Part of the problem is that the options for an 84-year-old independent single woman are not all that appetizing. My friend Sally’s options are either assisted living in a nearby town or moving into a continuing care retirement community (CCRC). In the former case, she would move into one room and give up both her cat and cooking for herself. In the other, she would move away from a life-long community of friends and activities. She’s lucky in one respect—she can afford these options with the help of her children.
Assisted living and Continuing Care Retirement Communities (CCRCs) are expensive. On average, assisted living can cost between $2,500 and $4,000 a month. The pricing for CCRCs is complicated, but consider that most of them have a $250,000 to $500,000 buy-in requirement just at the outset. The idea behind the continuing care is that as residents needs change, they can move from independent apartment living to assisted living to nursing home or dementia care. Here’s a helpful chart put together by “A Place for Mom.”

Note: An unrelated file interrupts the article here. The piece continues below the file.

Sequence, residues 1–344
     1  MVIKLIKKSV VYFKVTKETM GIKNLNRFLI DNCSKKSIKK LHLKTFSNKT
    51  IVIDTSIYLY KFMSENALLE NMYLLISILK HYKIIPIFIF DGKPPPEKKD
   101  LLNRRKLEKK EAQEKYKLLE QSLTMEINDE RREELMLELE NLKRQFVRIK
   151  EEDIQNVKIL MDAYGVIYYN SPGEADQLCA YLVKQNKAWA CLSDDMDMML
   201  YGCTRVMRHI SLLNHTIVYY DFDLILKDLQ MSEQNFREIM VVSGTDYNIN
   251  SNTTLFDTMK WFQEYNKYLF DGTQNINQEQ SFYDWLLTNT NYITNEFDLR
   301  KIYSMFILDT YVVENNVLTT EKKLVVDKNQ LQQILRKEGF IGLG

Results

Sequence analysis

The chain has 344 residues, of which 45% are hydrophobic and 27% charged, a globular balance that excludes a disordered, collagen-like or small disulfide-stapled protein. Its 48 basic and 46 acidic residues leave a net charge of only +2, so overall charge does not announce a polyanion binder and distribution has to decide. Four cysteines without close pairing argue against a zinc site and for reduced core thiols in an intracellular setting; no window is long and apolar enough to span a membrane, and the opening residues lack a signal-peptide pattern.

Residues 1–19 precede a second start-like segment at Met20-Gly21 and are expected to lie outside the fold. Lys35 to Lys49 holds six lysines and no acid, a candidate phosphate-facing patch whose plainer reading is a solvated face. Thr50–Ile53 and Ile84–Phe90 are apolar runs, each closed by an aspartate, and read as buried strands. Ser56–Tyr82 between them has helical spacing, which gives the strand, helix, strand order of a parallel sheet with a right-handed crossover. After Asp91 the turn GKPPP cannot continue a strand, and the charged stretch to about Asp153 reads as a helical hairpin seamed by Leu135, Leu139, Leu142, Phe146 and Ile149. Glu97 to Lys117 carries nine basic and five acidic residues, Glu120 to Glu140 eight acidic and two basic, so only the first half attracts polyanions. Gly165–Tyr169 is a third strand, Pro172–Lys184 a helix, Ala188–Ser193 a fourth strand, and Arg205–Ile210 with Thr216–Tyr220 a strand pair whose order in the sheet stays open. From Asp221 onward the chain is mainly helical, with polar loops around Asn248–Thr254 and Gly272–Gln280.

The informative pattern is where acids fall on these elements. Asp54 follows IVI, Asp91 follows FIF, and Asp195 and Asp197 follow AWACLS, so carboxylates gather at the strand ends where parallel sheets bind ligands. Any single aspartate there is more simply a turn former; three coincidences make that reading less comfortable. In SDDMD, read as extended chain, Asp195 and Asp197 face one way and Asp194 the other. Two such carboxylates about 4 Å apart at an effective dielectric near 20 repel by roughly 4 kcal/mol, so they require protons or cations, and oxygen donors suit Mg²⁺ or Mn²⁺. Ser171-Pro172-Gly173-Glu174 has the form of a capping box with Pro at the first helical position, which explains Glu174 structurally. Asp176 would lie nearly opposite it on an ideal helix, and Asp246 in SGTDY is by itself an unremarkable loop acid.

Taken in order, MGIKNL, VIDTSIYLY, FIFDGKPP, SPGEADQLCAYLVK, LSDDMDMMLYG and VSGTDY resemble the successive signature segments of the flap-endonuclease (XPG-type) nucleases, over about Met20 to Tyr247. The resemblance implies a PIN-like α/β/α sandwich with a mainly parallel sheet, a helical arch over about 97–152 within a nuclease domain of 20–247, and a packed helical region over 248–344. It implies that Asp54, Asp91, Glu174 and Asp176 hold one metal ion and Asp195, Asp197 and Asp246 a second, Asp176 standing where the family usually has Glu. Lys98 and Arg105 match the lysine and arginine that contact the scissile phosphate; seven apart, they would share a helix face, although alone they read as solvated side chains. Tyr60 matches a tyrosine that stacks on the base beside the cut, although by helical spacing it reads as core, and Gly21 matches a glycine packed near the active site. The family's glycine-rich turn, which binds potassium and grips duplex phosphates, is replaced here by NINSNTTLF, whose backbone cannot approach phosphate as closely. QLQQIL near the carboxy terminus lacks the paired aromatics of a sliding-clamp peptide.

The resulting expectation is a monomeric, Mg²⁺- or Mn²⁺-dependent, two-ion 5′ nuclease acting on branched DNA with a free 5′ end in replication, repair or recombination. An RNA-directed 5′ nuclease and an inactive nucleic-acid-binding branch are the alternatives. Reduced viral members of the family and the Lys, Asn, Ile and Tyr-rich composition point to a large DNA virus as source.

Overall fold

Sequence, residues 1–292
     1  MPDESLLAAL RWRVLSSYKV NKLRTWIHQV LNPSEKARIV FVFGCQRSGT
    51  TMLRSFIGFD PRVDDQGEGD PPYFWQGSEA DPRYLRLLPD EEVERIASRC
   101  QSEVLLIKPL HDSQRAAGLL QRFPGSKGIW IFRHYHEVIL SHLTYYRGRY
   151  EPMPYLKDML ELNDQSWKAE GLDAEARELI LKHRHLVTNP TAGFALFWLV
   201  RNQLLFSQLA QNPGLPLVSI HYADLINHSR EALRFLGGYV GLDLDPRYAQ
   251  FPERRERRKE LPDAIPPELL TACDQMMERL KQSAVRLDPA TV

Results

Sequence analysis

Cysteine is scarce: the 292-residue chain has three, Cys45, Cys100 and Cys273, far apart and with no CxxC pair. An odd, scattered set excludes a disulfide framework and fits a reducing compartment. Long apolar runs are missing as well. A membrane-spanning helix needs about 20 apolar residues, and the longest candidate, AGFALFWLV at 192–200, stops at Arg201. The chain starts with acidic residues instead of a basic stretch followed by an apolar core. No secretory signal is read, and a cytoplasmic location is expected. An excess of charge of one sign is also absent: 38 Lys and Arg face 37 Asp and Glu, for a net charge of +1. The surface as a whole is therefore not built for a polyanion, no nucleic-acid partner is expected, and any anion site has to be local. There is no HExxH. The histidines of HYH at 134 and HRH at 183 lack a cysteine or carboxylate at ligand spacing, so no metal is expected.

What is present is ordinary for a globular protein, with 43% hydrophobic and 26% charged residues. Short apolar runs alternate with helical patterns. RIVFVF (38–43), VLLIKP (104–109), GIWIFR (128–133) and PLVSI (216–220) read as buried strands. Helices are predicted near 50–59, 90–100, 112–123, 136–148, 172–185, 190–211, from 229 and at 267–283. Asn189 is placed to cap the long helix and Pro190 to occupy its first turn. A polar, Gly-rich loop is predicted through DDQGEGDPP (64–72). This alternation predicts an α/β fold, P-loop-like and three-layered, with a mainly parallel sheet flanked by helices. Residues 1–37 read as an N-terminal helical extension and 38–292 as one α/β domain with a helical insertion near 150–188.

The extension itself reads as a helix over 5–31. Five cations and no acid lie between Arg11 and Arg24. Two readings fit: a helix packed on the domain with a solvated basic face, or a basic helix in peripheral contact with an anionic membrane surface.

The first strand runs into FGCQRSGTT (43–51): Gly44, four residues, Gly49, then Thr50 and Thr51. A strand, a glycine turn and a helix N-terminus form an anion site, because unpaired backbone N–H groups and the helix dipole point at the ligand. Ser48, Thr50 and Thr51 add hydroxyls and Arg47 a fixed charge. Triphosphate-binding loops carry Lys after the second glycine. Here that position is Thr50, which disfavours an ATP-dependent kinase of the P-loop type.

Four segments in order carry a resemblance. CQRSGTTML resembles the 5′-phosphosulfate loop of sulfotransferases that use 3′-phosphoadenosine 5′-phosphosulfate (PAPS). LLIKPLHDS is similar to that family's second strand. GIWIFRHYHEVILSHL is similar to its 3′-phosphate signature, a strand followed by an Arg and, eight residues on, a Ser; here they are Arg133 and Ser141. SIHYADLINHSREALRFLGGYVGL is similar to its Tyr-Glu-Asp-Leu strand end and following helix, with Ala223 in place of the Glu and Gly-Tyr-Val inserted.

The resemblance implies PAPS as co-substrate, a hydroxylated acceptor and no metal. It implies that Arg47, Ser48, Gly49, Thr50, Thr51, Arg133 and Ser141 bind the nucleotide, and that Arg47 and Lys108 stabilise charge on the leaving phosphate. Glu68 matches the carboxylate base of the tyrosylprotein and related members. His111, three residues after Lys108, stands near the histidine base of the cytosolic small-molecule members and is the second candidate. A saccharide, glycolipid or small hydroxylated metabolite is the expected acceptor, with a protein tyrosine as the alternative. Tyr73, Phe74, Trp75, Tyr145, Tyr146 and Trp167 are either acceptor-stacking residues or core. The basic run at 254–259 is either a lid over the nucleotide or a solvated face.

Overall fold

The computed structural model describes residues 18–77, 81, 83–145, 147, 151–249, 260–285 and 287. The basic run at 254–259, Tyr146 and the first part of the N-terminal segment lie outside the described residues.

On the positive side, these options do offer freedom from meal preparation and home maintenance. They often have social activities, and because other residents are also uprooted it can be easier to create new friendships. Some people love living in a CCRC and some hate it. Costs for each of these options are hard to pin down. Many have a la carte options that can increase the cost of one’s residency.
A huge proportion of the elder population can’t afford to live in CCRCs or assisted living. A report from the National Investment Center for Seniors Housing & Care, estimates that slightly over half (54%) of the middle-income seniors will be able to afford assisted living rent and options. That means that 46% can’t afford it.